How is this meaningful when its obvious what he's talking about? Hes clearly not talking about the decline in narrative flexibility in roguelikes.

Because I like writing long and incoherent manifestos?
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Stark
PostPosted: 2011-12-06 03:39pm 

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I think some of what you're talking about comes to the changing attitude toward content of fat people.

The loudest parts of any fanbase these days want to 'see everything'. They don't want to 'miss anything'. They feel entitled to 100% completion (whatever that means) - just look at the pathetic mewling around ME3's coop, which often boils down to WAH WAH WAH I WON'T GET TO SEE SOMETHING BECAUSE I HAVE NO FRIENDS.

If you keep that in mind, many of the things you don't like about modern games become clear. You CAN'T have anything happen, or characters disagree with you, or women that have independent thoughts, because the entire game and cast is just a canvas for player choice. Rather than being a positive with regard to consequences or storytelling, I mean this in the sense that the player feels entitled to choose any events he wants. Want Wrex to die? Ok. What Wrex to not die, despite how amazingly stupid that is? Ok. These guys have mapped out every single conversation, and if there's something the player can't control, they complain. Los knows way more about this than me.

Basically I think you got it with 'wish fulfillment'. This is a logical consequence of larger budgets making games aim at a larger audience and (if I was being mean) RPG players being those who are very happy to buy into a game literally about how awesome they are and how the women with big titties thing they are amazing. Compare this to fantasy novel vs fantasy movie.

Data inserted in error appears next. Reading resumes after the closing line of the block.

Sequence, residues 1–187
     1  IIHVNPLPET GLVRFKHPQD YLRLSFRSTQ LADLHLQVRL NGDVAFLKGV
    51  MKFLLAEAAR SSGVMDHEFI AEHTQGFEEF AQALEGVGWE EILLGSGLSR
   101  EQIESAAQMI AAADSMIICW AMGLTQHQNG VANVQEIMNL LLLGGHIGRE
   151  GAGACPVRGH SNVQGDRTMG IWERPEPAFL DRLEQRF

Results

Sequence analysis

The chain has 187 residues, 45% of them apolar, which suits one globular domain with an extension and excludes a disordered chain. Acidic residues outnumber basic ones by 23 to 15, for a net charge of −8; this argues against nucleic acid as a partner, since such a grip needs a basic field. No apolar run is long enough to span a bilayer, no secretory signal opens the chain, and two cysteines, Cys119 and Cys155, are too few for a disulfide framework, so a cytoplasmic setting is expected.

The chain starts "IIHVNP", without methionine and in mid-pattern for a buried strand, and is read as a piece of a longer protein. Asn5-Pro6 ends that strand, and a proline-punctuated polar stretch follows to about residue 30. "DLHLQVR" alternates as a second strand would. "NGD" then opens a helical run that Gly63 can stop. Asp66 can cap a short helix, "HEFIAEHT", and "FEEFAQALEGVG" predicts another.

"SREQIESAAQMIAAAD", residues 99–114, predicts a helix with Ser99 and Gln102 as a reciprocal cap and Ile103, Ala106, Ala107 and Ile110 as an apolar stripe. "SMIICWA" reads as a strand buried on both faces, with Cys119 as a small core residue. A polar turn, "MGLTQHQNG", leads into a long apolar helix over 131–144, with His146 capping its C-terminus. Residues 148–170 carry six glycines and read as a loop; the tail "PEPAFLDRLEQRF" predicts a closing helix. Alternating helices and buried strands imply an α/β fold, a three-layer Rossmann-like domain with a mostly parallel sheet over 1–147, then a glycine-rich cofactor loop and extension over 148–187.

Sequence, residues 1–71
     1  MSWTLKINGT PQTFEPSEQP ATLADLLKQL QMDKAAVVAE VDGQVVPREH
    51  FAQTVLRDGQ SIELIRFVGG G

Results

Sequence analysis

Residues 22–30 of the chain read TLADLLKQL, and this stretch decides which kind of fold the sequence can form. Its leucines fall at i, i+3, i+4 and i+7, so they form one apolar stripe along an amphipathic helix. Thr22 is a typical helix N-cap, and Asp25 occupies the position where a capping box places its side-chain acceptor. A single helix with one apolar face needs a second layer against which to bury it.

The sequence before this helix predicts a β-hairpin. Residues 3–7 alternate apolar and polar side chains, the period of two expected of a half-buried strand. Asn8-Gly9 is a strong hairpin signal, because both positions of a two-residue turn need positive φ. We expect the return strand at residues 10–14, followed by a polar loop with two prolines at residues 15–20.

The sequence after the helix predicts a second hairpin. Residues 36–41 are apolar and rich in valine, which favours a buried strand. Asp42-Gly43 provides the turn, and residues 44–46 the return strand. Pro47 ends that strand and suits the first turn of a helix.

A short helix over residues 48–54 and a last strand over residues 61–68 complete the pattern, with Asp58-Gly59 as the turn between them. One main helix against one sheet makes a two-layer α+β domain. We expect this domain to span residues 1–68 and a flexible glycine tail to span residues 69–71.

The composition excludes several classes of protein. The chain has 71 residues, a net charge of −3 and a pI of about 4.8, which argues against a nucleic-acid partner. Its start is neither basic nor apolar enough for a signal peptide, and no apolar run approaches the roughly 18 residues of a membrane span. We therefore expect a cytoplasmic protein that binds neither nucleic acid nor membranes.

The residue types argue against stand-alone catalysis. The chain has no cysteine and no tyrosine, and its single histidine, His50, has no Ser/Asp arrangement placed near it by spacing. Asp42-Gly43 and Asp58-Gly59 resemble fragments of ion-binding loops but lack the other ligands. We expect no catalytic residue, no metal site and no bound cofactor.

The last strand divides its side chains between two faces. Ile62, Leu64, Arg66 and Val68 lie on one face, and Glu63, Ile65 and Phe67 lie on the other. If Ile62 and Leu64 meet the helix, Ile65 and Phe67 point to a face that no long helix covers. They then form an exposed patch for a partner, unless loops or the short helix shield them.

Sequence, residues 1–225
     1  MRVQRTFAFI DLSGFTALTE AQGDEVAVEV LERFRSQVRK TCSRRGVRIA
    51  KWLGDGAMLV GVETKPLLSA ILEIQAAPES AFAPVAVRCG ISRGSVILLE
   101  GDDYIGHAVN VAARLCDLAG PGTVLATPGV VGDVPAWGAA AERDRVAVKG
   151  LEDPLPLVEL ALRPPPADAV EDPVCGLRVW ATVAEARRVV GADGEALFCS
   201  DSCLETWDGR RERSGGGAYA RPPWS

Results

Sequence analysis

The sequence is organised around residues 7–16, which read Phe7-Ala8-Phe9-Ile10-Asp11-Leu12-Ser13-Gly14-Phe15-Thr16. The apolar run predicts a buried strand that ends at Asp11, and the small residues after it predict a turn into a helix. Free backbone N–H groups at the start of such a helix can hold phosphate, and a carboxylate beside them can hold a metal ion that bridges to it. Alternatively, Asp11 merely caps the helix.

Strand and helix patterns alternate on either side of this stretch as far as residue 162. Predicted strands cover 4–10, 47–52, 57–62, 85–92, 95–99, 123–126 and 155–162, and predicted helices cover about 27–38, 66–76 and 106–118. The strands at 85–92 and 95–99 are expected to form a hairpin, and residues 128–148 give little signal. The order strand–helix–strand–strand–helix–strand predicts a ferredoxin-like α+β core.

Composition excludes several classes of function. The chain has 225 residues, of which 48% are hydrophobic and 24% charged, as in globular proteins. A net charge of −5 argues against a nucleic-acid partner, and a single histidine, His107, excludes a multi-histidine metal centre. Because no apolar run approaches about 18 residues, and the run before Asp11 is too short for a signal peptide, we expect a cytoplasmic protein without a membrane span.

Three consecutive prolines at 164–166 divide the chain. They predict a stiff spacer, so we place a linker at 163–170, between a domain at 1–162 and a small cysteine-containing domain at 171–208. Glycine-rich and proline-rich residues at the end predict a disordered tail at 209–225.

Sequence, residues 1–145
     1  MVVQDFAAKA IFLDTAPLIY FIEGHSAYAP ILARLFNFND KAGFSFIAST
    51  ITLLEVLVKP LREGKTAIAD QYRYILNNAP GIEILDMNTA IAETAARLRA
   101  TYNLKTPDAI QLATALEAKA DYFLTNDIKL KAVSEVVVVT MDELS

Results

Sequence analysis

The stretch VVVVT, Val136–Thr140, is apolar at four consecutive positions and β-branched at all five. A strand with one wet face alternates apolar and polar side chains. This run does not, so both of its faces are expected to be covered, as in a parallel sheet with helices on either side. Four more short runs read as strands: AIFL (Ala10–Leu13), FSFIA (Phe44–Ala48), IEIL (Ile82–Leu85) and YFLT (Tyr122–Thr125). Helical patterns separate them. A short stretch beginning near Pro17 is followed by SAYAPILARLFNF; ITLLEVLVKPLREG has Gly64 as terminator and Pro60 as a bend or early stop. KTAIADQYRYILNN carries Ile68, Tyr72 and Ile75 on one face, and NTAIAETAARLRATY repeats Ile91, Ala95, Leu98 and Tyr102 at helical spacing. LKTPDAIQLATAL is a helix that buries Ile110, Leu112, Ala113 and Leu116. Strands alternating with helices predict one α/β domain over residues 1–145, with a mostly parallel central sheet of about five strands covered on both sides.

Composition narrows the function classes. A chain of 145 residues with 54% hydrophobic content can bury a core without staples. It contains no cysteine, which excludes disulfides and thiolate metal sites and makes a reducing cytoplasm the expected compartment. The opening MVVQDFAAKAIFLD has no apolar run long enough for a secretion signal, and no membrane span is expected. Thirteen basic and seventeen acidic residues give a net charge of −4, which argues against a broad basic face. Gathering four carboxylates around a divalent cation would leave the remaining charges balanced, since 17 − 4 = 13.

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Stark
PostPosted: 2011-12-06 03:40pm 

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Eleas wrote:
Because I like writing long and incoherent manifestos?


Don't WE ALL? But this is Thanas' manifesto. :)
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Bakustra
PostPosted: 2011-12-06 03:50pm 

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Stark wrote:
I think some of what you're talking about comes to the changing attitude toward content of fat people.

The loudest parts of any fanbase these days want to 'see everything'. They don't want to 'miss anything'. They feel entitled to 100% completion (whatever that means) - just look at the pathetic mewling around ME3's coop, which often boils down to WAH WAH WAH I WON'T GET TO SEE SOMETHING BECAUSE I HAVE NO FRIENDS.

If you keep that in mind, many of the things you don't like about modern games become clear. You CAN'T have anything happen, or characters disagree with you, or women that have independent thoughts, because the entire game and cast is just a canvas for player choice. Rather than being a positive with regard to consequences or storytelling, I mean this in the sense that the player feels entitled to choose any events he wants. Want Wrex to die? Ok. What Wrex to not die, despite how amazingly stupid that is? Ok. These guys have mapped out every single conversation, and if there's something the player can't control, they complain. Los knows way more about this than me.

Basically I think you got it with 'wish fulfillment'. This is a logical consequence of larger budgets making games aim at a larger audience and (if I was being mean) RPG players being those who are very happy to buy into a game literally about how awesome they are and how the women with big titties thing they are amazing. Compare this to fantasy novel vs fantasy movie.


Yeah. I wonder if this is really the case or not, though. I mean, the Talimancers and other creepy fucks are a small fraction of the number of people who bought Mass Effect, and fattynerds/grognards are essentially toxic customers anyhow. I think a game that wasn't pure wish fulfillment but had the polish and marketing of an AAA title wouldn't sink, or at least I hope it wouldn't.
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Thanas
PostPosted: 2011-12-06 03:50pm 

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Eleas wrote: